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In the Saturday Afternoon Session of general conference, President M. Russell Ballard of the Quorum of the Twelve taught that we can have “real purpose and meaning” if we keep trying day after day. He warned that “the spiritual purposes of these adjustments might become lost in the excitement about the changes themselves.”

He clarified that the new Sabbath-day focus is one of the simplest ways to feel joy and happiness and to rest from our labors. “Sabbath day observance should bring a smile to all of our faces.”

A BYU choir stands and sings during the Saturday Afternoon Session. | Samantha Vanderwalker

Elder Mathias Held started his talk with a story about his early marriage when he was led to Germany for his career and joined the Church thanks to the guidance of the missionaries.

Even though he saw the Church had only good qualities, he wasn’t sure about baptism. He eventually felt that if it was good in his heart then “there was no reason not to be baptized.” He put a focus on faith and on what he already knew instead of trying to learn everything.

Discussing the principle of what is true and what is not, Elder Neil L. Andersen affirmed that while others say truth is relative, he said “[truth] comes only through our Savior, Jesus Christ.”

He said that when we look at truth through a higher perspective, it can help create a more thorough understanding of truth. He analyzed “The Family: A Proclamation to the World” and showed how it makes more sense with the perspective of faith and love.

Elder Takashi Wada speaks in the Saturday Afternoon Session | Samantha Vanderwalker

Elder Takashi Wada spoke about how feasting is more than a delicious meal, it is being filled with joy. So when we feast on the words of Christ, it is with the mindset of having great joy.

He discussed why we need scriptures in order to overcome struggles in our lives and discover who we are. Wada witnesses that studying the words of Christ can help us personally and to help others.

“The words of Christ will profoundly touch hearts and open the eyes of those who do not yet see Him,” he said. With the words of Christ and when we dedicate our hearts to feasting upon them, he promised that we will have greater experiences.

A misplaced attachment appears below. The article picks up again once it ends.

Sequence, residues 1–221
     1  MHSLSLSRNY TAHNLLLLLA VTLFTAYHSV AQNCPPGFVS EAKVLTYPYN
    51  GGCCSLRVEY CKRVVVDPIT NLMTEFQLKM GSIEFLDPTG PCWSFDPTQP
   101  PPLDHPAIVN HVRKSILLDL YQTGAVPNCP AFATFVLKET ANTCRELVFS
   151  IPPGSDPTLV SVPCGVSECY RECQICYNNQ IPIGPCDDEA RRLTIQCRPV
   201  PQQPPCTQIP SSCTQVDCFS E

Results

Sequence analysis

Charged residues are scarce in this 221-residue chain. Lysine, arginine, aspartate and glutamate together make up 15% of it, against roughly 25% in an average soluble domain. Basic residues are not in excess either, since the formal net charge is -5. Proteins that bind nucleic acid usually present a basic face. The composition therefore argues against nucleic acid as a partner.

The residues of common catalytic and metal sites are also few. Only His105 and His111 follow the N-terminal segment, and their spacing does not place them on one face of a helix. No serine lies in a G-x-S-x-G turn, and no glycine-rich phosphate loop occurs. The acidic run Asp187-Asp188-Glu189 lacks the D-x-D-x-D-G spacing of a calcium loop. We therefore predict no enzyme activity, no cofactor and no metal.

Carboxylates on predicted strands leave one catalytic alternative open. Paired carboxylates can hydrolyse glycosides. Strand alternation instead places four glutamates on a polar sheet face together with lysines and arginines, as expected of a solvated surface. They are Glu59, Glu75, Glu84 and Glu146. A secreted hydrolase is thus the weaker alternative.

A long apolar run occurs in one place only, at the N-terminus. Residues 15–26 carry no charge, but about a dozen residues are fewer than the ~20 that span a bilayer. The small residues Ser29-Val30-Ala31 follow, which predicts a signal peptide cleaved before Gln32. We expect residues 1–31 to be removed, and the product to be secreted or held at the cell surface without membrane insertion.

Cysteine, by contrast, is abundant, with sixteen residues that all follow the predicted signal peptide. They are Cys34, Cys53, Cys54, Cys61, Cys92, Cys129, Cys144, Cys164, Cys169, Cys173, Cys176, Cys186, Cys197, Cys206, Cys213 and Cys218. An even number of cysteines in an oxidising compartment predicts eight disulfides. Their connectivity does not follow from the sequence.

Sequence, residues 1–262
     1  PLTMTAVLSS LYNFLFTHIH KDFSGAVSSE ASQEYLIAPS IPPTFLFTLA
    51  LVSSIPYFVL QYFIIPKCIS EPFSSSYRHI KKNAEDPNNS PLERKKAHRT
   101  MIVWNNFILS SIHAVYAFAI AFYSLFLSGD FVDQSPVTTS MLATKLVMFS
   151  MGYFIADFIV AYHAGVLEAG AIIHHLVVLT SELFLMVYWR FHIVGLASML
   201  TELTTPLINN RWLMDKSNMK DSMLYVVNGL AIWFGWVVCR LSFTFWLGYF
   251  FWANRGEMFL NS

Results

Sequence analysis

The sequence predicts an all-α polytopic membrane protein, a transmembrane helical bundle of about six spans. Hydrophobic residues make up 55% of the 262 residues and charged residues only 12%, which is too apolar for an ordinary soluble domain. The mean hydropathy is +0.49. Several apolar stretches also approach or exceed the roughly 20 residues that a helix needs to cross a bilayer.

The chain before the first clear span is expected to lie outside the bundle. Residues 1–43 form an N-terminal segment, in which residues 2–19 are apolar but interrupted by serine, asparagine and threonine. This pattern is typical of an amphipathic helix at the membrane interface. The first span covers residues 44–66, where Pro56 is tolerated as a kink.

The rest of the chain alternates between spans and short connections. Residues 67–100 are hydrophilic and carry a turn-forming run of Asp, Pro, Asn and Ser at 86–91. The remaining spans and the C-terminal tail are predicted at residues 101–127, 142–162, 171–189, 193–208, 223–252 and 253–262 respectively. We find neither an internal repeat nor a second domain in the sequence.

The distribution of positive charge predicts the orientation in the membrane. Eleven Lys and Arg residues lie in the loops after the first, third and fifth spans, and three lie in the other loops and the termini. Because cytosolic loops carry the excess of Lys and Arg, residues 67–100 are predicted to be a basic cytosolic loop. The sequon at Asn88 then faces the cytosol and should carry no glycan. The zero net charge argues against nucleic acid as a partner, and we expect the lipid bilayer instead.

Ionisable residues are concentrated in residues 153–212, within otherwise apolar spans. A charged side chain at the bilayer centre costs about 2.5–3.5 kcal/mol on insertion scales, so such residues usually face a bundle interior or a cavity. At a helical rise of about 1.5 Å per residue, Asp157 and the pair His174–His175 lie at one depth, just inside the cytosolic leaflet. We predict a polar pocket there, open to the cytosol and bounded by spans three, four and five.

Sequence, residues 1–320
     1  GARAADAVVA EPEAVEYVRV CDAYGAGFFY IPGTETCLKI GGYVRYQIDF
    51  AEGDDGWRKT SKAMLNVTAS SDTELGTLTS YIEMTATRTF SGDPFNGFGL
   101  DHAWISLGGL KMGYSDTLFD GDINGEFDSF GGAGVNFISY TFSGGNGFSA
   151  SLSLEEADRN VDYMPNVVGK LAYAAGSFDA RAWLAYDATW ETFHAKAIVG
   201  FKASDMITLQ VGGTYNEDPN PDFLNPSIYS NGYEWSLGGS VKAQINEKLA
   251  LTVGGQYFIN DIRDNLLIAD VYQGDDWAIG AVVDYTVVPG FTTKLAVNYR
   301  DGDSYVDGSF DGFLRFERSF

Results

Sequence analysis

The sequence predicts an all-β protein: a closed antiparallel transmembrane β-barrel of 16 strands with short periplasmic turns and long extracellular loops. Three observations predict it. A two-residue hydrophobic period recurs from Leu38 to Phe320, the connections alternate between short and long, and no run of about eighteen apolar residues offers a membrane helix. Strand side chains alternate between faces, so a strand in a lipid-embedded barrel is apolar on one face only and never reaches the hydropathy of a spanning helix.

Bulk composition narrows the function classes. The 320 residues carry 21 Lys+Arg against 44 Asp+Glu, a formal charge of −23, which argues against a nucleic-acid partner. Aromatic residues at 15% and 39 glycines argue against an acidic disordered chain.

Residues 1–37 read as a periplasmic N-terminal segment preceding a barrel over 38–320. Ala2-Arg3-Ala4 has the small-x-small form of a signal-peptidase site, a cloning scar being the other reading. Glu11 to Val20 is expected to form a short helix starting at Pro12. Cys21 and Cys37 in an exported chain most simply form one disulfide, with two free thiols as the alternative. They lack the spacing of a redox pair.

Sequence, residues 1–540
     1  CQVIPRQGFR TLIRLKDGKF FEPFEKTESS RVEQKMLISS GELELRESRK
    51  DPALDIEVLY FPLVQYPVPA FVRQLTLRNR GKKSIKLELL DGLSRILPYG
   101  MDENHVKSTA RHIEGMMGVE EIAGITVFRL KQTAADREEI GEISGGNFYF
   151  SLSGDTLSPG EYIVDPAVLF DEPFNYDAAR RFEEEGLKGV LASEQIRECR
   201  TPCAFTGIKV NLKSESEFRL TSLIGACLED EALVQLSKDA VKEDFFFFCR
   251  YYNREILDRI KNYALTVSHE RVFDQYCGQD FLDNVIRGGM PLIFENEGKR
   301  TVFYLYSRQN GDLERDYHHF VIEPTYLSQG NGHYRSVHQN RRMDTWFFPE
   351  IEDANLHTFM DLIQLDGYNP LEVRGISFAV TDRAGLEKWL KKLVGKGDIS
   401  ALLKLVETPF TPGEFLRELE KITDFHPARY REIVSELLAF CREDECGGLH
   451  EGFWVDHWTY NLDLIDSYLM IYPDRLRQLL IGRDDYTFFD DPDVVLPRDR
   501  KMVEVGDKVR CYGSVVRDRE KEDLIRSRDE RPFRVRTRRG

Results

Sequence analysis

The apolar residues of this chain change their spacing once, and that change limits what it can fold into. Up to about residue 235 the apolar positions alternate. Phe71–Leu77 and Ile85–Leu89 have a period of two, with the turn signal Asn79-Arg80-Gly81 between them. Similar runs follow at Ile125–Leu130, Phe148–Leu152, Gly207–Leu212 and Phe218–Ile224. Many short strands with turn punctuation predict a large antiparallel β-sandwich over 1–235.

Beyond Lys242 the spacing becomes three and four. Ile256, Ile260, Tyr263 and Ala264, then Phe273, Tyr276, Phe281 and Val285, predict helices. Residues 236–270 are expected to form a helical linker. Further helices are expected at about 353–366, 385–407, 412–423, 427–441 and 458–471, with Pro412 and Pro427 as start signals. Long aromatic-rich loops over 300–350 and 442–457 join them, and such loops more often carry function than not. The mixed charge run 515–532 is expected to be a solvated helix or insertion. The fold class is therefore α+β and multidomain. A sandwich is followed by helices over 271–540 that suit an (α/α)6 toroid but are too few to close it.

Elder David P. Homer, taking a similar chapter from Uchtdorf’s book, started his talk with a story about a plane. He compared the conflicting commands pilots receive to the various “competing voices” that we hear regularly

The Holy Ghost is a method for us to listen to the right voice. He said the places to find this Spirit are “when we pray, when we study the scriptures, and when we attend church, engage in faithful discussions, or go to the temple. Surely, we will find it in conference this very weekend.”

Elder Homer declared that we must choose which voice of the many we hear that we will listen to.

Elder Jeffery R. Holland took viewers on a brief trip to the history of the scriptures, all the way back to Adam and Eve, and their sacrifices of the firstborn lamb. This sacrificial pattern was a representation of Christ and his eternal sacrifice.

Conference Center visitors stand for the rest hymn. | Samantha Vanderwalker

He linked this to the “symbolism much deeper, much more introspective and personal than the bloodletting of a firstborn lamb” – the symbolism of the sacrament. He discussed how attending church on Sunday is still extremely important as a way to worship Christ and remember his sacrifice.

“Such a moment demands our respect!” Elder Holland declared.

He told us to be “mindful of the other broken hearts and sorrowing spirits that surround us.” So many people are struggling with things from personal struggles to leaving the Church, and he says that we should relieve their pain.


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